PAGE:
This post is me looking at 1905.12186.pdf and giving some ideas on how it might fail.
Firstly, I would like to point out that I think the design in this paper does buy you some amount of marginal safety when dealing with slightly superhuman AI's, and that it still gives opportunity to perhaps get something useful out.
Failure mode 1)
A lack of optimization doesn't mean a lack of danger. Even after the episode ends, the box may contain dangerous optimized items. Given that the box was specified to contain only a human, (And some cloths) this suggests the most dangerous thing that could leave is probably some form of meme. For example, suppose the AI finds a very convincing argument that humans should do whatever AI's want. This is a very good solution to the problem of hacking the human into giving the AI whatever answer it wants. (Which is pretty much what this AI was programmed to do, although it may sometimes give good answers on occasions where that is easier than hacking the operator) Once the human exits the box, the idea can go viral.
Failure mode 2)
What does the "Asymptotic optimality" mean in practice. Imagine a world containing BoMAI. The BoMAI comes up with a plan to take over the world after this episode has ended. It tries this plan. Lets imagine a magic angel interferes with this plan, stopping it the moment the episode ends. So the BoMAI is somewhat puzzled, and tries again. Eventually BoMAI will learn that plans involving taking over the world after the end of the episode never work, and so it will stop doing them. This means the magic angel only has a finite amount of work to do. Plans that involve taking over the world are assumed to receive a lower rating within the episode. The smaller the difference in reward between a plan that also takes over the world after the episode, and a plan that purely optimizes within an episode, the more slowly such taking over world plans disappear. Leading in the limit to failure mode 1.
Of course, in reality, the magic angel doesn't exist, and the AI succeeds in taking over the world.
Failure mode 3)
Criticizing the box.
The mentor has no vacuum between them and the font of all evil (the AI). There is also no Faraday cage, and a screen facing the mentor that is vulnerable to all sorts of hacking. Therefore the mentor can be hacked. There is no vacuum between the mentor and the AI, so if the mentor can claw through concrete, they gain hardware level access to the AI. They can then disable the pressure sensors and any other systems that end the episode. Now the airlocks can be opened by using whatever mechanism is used to open the airlocks at the end of an episode.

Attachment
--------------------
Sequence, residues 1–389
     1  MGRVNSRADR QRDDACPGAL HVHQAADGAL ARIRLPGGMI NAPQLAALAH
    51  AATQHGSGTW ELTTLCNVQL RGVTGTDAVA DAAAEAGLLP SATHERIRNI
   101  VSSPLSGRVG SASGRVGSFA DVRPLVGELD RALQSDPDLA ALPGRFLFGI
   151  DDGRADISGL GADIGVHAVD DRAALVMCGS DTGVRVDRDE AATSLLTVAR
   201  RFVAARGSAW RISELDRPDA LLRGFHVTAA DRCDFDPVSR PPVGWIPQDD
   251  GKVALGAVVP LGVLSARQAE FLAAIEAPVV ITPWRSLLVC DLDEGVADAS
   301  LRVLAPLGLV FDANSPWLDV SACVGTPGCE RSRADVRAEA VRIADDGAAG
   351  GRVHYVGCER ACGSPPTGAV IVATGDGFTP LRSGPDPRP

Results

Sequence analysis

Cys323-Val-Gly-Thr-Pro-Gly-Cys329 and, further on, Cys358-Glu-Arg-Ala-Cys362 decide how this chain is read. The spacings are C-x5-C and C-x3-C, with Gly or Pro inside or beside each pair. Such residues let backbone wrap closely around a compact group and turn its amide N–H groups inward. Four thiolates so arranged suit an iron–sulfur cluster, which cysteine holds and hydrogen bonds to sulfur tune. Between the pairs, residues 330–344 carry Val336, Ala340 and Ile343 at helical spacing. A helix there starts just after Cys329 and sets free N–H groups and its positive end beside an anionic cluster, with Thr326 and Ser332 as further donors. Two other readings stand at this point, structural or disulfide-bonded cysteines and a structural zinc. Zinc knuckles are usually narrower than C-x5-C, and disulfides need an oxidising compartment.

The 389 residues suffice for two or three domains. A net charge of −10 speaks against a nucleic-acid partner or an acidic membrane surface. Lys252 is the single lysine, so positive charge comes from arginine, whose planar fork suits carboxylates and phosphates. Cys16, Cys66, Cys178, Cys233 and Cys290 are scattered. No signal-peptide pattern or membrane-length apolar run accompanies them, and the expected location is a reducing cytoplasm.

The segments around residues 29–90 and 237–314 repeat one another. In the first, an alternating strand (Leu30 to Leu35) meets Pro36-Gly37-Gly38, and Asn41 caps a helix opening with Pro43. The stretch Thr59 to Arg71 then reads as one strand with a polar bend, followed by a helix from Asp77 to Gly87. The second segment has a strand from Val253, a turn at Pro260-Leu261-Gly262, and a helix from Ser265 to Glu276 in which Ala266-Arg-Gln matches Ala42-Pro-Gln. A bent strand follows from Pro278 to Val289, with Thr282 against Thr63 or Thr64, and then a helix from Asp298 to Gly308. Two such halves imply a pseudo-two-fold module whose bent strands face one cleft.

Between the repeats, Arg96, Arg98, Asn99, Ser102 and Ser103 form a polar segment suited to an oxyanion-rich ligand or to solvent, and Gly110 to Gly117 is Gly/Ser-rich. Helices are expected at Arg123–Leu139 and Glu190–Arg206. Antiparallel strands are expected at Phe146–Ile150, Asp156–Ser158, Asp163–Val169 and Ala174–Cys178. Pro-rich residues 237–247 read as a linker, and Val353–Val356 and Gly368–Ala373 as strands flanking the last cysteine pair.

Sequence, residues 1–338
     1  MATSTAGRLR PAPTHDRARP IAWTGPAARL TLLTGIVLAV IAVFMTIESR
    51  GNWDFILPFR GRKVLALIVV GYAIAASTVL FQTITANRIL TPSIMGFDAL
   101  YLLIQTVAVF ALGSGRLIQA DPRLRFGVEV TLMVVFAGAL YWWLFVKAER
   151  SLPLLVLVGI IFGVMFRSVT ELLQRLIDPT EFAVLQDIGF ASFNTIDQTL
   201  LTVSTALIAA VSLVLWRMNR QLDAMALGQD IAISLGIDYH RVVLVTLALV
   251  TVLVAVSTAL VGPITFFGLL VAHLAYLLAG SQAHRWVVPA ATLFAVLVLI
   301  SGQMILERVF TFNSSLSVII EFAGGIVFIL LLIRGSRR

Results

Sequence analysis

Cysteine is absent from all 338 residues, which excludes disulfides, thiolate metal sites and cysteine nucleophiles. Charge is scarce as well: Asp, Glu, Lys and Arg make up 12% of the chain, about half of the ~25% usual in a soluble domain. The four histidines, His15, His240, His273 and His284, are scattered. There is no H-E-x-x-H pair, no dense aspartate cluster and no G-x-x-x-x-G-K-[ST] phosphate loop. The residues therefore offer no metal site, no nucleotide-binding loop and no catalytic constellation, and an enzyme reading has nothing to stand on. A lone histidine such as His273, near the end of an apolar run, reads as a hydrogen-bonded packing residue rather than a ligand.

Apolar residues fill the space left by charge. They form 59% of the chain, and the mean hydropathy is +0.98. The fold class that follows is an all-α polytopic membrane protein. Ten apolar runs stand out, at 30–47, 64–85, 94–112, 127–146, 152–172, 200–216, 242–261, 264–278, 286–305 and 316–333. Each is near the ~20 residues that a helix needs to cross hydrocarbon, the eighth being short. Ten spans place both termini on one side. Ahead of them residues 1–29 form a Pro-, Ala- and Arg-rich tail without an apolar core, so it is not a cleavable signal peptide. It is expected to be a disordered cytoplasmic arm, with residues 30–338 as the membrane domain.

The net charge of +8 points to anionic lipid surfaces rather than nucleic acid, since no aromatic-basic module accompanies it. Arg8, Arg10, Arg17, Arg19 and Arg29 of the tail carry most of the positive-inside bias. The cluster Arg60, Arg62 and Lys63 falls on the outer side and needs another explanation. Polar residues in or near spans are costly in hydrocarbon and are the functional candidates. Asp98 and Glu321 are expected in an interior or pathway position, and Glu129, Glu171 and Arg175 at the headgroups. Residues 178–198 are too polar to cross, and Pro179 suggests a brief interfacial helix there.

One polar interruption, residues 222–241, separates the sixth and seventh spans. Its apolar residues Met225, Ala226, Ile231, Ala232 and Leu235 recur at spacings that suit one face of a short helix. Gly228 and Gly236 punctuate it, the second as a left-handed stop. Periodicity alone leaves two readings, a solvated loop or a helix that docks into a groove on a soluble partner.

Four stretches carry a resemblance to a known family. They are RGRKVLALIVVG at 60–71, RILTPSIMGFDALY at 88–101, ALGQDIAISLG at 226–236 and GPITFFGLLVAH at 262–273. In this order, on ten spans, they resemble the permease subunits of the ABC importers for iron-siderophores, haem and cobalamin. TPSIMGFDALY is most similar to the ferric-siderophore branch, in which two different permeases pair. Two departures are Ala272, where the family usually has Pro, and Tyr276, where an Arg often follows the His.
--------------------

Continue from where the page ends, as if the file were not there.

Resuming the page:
There must be some point where information from the pressure sensors feeds into the AI system to stop the episode. This point, and the pressure sensors themselves, are vulnerable to electromagnetic and sonic interference from the AI. Suppose the AI has a bunch of cooling fans it is in control of, and by vibrating them all in just the right way, it can cause all the sound waves to constructively interfere right on the solder joint between a pressure sensor and the AI's circuits. This allows it to work the solder loose, slowly breaking that connection. The AI can now encourage the human operator to smash the glass.
The AI bootstraps nanotech. It turns out there was a sophisticated and easily hackable piece of proto-nanotech just sitting around, in the form of a bacteria just sitting on one of the AI's chips. By carefully controlling the electromagnetic, thermal and sonic emissions of its hardware, the AI can hack that ribosome. The bootstrapped nanotech can tunnel through the walls of the box and take over the world.
There are other flaws in the "nothing can get through". For instance, solid objects could be poked through a small hole, so long as the hole was carefully sealed to stop gasses escaping. Or tiny amounts of gas could be leaked through a pinhole, not enough to trip the pressure sensors, with information in which gas. But I can't think of how to use these to take over the world.